I'm spoiled though, in terms of censorship. I live in Iceland. Low population with pretty liberal views on stuff like nudity, language and such (so far atleast, some disturbing murmurs give me concern). I can always find another supplier, torrent or whatnot and I've never had to just take it if something I wanted was censored.
And neither should anyone else in my opinion.

p.s.
Another arguement would be that movies and games are art, so censoring them is akin to censoring a painting that depicts something you find offensive. It's not right when it comes to paintings, and it's not right when it comes to Fallout 3 so stop it. Limit it to those who are underage, allow it for those of us old enough to decide for ourselves.

Re: Head of Aussie Game Developer Group Slams Govt. over

Father Time - I love that idea, thanks for passing it along!

Yeah, they are only hurting their own economy, and maybe preventing half of the sales they would have had otherwise?  Either way, just make it illegal for people outside of the age range to buy them, and parents that complain about their kids playing adult games when they baught the game for them, like some stupid American house wives (I live next to a herd of them, I know), then they should get in trouble for buying their kids adult games that even they are not okay with. (And have it so they can get their money back for returning the game within 3-6 months excluding taxes.)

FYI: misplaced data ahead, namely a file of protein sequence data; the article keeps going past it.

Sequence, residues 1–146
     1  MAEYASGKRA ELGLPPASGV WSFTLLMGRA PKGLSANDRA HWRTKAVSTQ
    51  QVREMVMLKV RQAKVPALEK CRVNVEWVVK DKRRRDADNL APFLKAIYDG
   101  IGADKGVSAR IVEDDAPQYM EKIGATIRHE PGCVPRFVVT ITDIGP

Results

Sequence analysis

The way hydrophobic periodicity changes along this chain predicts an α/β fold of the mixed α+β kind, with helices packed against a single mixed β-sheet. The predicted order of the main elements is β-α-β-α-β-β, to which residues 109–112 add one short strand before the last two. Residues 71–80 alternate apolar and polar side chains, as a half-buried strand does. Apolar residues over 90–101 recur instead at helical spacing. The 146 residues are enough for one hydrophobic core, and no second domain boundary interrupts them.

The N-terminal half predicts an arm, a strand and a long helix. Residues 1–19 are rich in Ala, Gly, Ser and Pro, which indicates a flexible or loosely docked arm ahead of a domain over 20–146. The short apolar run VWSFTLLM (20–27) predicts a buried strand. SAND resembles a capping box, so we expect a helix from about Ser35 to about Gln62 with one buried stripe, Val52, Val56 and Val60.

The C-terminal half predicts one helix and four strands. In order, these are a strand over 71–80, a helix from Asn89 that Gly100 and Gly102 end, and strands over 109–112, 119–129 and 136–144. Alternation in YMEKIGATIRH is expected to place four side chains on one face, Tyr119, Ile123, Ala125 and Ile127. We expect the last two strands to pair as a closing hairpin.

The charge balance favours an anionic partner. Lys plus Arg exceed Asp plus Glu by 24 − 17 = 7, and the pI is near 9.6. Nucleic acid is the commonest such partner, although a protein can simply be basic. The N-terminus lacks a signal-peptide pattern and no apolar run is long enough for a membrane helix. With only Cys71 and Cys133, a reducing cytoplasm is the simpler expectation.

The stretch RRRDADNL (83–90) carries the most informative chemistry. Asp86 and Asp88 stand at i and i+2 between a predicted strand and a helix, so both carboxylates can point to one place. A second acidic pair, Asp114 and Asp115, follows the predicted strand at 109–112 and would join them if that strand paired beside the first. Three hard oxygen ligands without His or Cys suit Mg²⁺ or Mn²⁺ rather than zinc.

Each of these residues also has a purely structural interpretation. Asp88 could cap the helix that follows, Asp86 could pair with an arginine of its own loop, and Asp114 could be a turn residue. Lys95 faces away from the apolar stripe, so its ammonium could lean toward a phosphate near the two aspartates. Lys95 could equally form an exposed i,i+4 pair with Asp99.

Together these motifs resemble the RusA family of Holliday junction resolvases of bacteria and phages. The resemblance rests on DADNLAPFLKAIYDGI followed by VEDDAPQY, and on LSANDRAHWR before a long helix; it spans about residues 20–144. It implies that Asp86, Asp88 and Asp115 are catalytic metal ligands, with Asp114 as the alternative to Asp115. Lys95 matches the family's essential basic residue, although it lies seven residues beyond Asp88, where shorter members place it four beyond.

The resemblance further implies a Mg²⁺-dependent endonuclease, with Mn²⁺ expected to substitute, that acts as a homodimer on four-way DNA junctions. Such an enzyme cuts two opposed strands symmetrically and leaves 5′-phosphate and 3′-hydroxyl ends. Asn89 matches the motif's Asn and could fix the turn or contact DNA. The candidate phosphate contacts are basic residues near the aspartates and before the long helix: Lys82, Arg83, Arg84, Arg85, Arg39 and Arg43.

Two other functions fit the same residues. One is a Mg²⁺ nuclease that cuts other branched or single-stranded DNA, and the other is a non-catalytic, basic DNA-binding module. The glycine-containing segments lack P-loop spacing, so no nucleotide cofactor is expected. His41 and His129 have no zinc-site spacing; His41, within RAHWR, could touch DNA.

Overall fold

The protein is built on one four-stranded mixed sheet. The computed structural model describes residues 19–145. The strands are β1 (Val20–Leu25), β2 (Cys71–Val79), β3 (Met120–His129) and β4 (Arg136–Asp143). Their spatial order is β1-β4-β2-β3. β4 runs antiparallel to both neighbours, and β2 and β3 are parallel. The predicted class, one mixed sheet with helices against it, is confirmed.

I just hate hearing parents complain about violent games after they were the ones that bought them for their kids.  Living right next door to the "nicest place to live in the US" or whatever it is...  The town is filled with rich kids that are over spoiled (drive $100,000 cars then they turn 16, get whatever they ask for...) and house wives that are 10+ years younger then their husband and never had to work a day in their lives, and STILL cant manage to parent their kids.

Anyways, other than the stupidity of the world.  I highly respect these people standing up for the consumers.  Between Howard, Tom, and many others out there, keep up the good fight, and give them hell.